The future of workplace wellbeing

The future of workplace wellbeing Safety Forward

The importance of employee wellbeing has always been at the forefront of professional and corporate companies, but with the last 18 months of the pandemic still very fresh in our minds, Covid-19 has both exaggerated existing wellbeing risks and sadly created new areas of concern for all of our mental health concerns. A huge proportion of us have suffered social loneliness, financial hardship, and even grief, and the future of workplace wellbeing needs to shift into a more proactive approach, offering early prevention to combat this added stress.

Reactive approach

Historically, the approach that many organisations adopted towards health and wellbeing in the workplace was reactive protection benefits such as the provision of health insurance, or traditional occupational health approaches such as Employment Assistance Programmes. Whilst these kinds of benefits continue to have a valuable role in supporting employees, what they do not address is the need to create a culture which prevents physical or mental ill health from occurring in the first place.

Proactive approach

Being proactive means promoting awareness, providing training and integrating wellbeing within the organisation as a permanent fixture and as the future of workplace wellbeing. Initiatives such as mindfulness sessions, employee fitness campaigns or financial education provision are becoming more prevalent – and should be the focus for every organisation. Prevention is always better than a cure and an individualist approach to employees from the top down, should be practised.

Financial wellbeing

Money really is the cause of most stress, not all, but it’s certainly high up there with the cause of mental health struggles. Offering debt management support can enable staff to make better financial decisions and have the confidence to deal with what sometimes, can seem overwhelming and enabling employees to take control of their own finances, vial education is key.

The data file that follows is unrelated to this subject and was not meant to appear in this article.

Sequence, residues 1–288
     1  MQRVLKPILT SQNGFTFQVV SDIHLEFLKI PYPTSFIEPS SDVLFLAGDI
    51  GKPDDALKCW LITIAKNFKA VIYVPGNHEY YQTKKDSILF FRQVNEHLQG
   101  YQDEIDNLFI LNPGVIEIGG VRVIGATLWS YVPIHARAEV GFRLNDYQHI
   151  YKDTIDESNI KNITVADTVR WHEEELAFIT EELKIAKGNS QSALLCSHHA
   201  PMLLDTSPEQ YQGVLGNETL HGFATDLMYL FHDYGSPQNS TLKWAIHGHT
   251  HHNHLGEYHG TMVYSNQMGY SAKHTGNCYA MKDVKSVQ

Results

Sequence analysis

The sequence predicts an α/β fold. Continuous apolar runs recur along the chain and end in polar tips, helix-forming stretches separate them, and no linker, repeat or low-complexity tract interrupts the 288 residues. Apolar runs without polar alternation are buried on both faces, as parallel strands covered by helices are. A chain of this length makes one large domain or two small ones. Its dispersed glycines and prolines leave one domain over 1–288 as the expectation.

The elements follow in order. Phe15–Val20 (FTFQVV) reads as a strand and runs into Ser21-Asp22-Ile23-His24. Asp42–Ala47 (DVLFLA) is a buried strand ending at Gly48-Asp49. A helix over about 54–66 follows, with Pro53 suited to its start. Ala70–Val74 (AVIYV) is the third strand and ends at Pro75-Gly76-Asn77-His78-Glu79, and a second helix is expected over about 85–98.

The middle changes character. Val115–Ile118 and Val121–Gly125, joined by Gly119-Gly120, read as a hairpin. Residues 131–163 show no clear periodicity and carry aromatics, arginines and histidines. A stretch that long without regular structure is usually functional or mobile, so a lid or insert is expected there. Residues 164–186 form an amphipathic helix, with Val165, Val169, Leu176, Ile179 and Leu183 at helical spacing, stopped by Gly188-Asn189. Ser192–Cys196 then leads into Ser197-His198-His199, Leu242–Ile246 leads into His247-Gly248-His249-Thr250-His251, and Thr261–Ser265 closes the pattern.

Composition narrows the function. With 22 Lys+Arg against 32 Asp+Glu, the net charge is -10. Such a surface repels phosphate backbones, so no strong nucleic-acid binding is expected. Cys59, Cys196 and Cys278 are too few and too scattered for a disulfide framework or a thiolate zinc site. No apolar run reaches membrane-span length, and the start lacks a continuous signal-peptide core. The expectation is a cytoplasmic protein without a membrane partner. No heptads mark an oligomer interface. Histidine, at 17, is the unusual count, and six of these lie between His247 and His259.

Financial wellbeing is how people feel about the control they have over their financial future – and their relationship with money. It’s about focusing on the things that make their life enjoyable and meaningful both now and in retirement, all having a positive impact on wellbeing and mental health.

Salary sacrifice schemes

One way to meaningfully improve the financial wellbeing of employees is to offer salary sacrifice schemes. These are tax-friendly incentive schemes that allow employees to save money, usually on something that they were going to benefit from anyway. This can be anything from the common pension scheme, to childcare vouchers, gym membership and cycle to work schemes. Providing these benefits show that a company cares about their employees’ wellbeing – that they are actively thinking about ways in which they can support them.

In an ever changing world, one which none of us could of predicted, the future of workplace wellbeing continues to rightly be, a huge priority and our quest as employers and employees to assist and support and prioritise could be the one positive we are all looking for to come out of this pandemic.

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